Drones are effective tools for the surveying and mapping industries. By flying above the ground, they can efficiently carry out tasks for topographic surveying, photogrammetry, 3D mapping, and land surveys. Here is all the information you need to know about drone surveying, whether you’re looking to add a new tool to your repertoire of offerings or just want to know more about drones in general. Drones are equipped with various sensors, such as cameras, LiDAR, and photogrammetry tools, which can capture high-resolution images and detailed terrain information for a wide range of surveying and mapping tasks.
If you are interested in learning more about how drones are used for surveying, read on.
What is a drone survey?
Generally speaking, surveying is the art and science of figuring out the separations and locations between two points, whether they are in a 2D or 3D space. The planning of construction sites, the delineation of property lines, and other crucial decisions are all aided by the use of this data. These fundamental guidelines are used when conducting a drone survey, but a drone is utilized to collect the data. All of that information will be recorded for you as the drone flies over the points.
Drone surveying is a modern alternative to traditional surveying techniques, allowing for quicker and more accurate data collection over large areas in a fraction of the time it would take with traditional methods. Through the use of specialized cameras and software, a drone is able to collect the information needed for the planning of construction sites, the delineation of property lines, and other important decisions without having to set foot on the ground.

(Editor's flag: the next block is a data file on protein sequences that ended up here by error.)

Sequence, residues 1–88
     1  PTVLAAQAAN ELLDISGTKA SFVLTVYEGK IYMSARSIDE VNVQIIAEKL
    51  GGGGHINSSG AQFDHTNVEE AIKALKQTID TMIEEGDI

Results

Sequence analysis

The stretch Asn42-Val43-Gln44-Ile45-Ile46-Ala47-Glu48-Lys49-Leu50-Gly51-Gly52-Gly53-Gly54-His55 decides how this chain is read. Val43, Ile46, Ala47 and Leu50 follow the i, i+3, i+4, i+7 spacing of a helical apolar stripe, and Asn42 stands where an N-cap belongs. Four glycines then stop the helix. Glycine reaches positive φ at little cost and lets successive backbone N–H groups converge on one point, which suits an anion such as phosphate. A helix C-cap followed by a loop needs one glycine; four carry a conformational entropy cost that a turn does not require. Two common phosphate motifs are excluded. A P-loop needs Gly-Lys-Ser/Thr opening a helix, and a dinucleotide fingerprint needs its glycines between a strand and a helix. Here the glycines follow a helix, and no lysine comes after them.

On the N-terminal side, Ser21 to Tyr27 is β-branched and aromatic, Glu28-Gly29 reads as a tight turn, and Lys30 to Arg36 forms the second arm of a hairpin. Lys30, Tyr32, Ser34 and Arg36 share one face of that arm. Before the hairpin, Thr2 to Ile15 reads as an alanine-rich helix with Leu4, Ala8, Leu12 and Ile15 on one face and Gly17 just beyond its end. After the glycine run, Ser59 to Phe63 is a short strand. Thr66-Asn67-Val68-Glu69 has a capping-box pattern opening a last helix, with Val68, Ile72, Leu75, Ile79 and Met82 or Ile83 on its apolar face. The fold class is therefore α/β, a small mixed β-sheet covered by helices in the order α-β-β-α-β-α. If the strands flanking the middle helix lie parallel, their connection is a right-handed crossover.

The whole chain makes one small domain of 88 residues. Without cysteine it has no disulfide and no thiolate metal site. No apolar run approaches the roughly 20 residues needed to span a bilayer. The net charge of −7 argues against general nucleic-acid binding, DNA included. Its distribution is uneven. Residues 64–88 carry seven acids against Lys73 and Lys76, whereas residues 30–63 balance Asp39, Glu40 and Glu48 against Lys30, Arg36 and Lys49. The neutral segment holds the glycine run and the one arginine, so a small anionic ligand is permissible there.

How do drones collect data?
Drones gather data from Geographic Information Systems (GSI). They created maps and visualizations of the locations using this information. Although the GIS is the main tool for data collection, the drone can also be outfitted with other tools. Drones were previously used to capture data but not transmit it. The operator had to get all of that data. Drones can now interrupt data in real time thanks to modern technology. While the drone is still in the air, you can use GIS technology to transform all of that raw data into useful information. In this way, drones can now provide an unprecedented level of information and insights into the environment and areas they are mapping.
How accurate is a drone survey?
If the accuracy of a drone survey is something you’re worried about, rest assured that these gadgets are incredibly accurate. Frequently, you can expect drone surveys to be within two centimeters of the actual location. Even more precisely than these measurements, most drones Such outcomes are what you can anticipate if you work with a qualified drone surveying business. Always keep in mind that better equipment is available to them, and better equipment always produces more accurate results. The type of drone, the camera’s quality, the flight height, and the amount of ground cover can also affect the survey results.
How do drone surveys operate?